We invite you to learn more about Pride, local celebrations and our own LGBTQ+ history at Mount Holyoke which highlights a rich tradition of queer activism and visibility past and present.


Juneteenth, historically known as Jubilee Day, marks the day that enslaved people in Texas were notified that their freedom had been determined two and half years earlier with the signing of the Emancipation Proclamation. The delay of this announcement was rooted in a long history of racism and anti-Black violence that continues to this day.

Just as Black people in 1865 joyously celebrated news of their emancipation in spite of the unconscionable, years-long delay, the contemporary Black community continues to celebrate a still imperfect freedom. Three years ago, after the murders of George Floyd and Breonna Taylor, corporations and organizations created Black Lives Matter campaigns, yet we continue to be plagued with the truth that there appears to be little evidence to demonstrate that Black people, their ideas and voices are valued. Amidst persistent threats to Black life, we honor the ongoing struggle for Black liberation.

Opal Lee, the “grandmother of Juneteenth,” is the lifetime activist whose tireless efforts made Juneteenth a nationally recognized holiday in 2021. As efforts to celebrate Juneteenth proliferate beyond the Black community, it is important to reflect on Opal Lee’s vision for the day and remember that Jubilee Day has long been celebrated by the Black people in fellowship with one another. At 96, Opal Lee continues to commemorate Juneteenth with a walk for freedom, and she encourages all of us to walk with her, wherever we are and however we are able (https://opalswalkftworth.raceroster.com).

We invite you to learn more about Juneteenth and ways that you can address anti-Black racism and work to realize a more perfect freedom for the Black community and, in turn, us all.

Anti-Racism Action Plan

As a Mount Holyoke community, we have prioritized our work toward an anti-racist, collective future. In the summer of 2020, we set forth an Anti-Racism Action Plan to build toward that future. Each year we take stock and evaluate the progress we’ve made and the work we’ve yet to accomplish. You can learn more about the plan, our work across the College over the past year and resources to continue on your own anti-racist journey on the College’s website.

Anti-racist work requires a sustained commitment to understanding oppression, analyzing power and attending to the present realities and complex legacies of harm. It also periodically requires inspiration. I continuously find both in the work of Mount Holyoke student activists past and present.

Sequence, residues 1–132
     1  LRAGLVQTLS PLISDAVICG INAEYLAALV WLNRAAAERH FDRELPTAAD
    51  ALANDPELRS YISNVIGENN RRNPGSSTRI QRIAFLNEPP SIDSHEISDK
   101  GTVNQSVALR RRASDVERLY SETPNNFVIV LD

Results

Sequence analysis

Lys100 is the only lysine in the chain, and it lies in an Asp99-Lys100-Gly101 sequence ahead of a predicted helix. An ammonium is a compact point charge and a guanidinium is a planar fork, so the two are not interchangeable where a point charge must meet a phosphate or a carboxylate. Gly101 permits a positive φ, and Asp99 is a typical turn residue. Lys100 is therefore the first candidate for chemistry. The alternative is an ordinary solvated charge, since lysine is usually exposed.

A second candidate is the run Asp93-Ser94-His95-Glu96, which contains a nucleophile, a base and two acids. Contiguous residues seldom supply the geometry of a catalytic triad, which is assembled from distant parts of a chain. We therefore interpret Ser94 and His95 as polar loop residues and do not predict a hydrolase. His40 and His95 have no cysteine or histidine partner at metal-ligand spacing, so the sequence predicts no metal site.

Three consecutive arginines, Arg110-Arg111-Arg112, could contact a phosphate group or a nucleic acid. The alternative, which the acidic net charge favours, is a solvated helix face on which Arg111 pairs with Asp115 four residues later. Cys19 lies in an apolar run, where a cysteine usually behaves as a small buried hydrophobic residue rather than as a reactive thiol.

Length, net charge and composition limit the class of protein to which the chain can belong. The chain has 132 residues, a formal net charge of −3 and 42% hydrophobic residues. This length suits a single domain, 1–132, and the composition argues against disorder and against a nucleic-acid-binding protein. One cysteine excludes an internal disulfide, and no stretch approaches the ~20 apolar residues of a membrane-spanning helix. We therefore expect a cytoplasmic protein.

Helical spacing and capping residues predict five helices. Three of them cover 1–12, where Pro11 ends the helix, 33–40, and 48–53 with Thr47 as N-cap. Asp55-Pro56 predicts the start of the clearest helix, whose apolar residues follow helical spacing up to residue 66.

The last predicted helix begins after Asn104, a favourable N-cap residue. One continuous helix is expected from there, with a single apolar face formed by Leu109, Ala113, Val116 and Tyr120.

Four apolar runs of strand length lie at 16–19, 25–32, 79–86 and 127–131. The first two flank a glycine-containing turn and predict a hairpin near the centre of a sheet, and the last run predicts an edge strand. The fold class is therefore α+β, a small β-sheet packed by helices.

Student organizers in the 1990s were tenacious in highlighting the interconnectedness of oppressions. They understood that liberation must be sought across all marginalized groups. Students created “Libertad” to record, reflect upon and address the experiences of the oppressed at Mount Holyoke. It was a publication for “the people who are constantly being silenced, diminished or ignored in an indirect or direct way.” They envisioned “Libertad” as an outlet for marginalized persons to “feel free to speak, a space which can offer them support.”

More than thirty years after “Libertad”’s creation, in our third year of our Anti-Racism Action Plan journey, I’d like to think we are collectively living into “Libertad”’s mission — that Mount Holyoke is a community ever-deepening our commitment to creating space for and affirm the lives of those who have been silenced, diminished or ignored, whether historically or in the present moment, directly or indirectly. Harkening back to the words of Sojourner Truth and Sylvia Rae Rivera, I remain purposefully focused on the light of this world and I refuse to be silent or invisible in this struggle against oppression.

While there is much work to do, I am deeply grateful to each of you for your continued, and growing, commitment to our shared, anti-racist future and to your daily efforts to reckon with racism and all forms of oppression and to create spaces where we can share our struggles, build collective power and work toward a more perfect freedom.

I remain grateful to be in community with each of you.